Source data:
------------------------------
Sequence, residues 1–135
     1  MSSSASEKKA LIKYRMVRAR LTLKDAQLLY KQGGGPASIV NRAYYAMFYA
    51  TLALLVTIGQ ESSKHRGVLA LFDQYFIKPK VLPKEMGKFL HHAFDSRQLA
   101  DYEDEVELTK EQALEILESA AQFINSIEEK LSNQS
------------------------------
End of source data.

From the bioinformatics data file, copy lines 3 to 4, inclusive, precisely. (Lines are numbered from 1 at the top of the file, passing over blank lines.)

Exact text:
    51  TLALLVTIGQ ESSKHRGVLA LFDQYFIKPK VLPKEMGKFL HHAFDSRQLA
   101  DYEDEVELTK EQALEILESA AQFINSIEEK LSNQS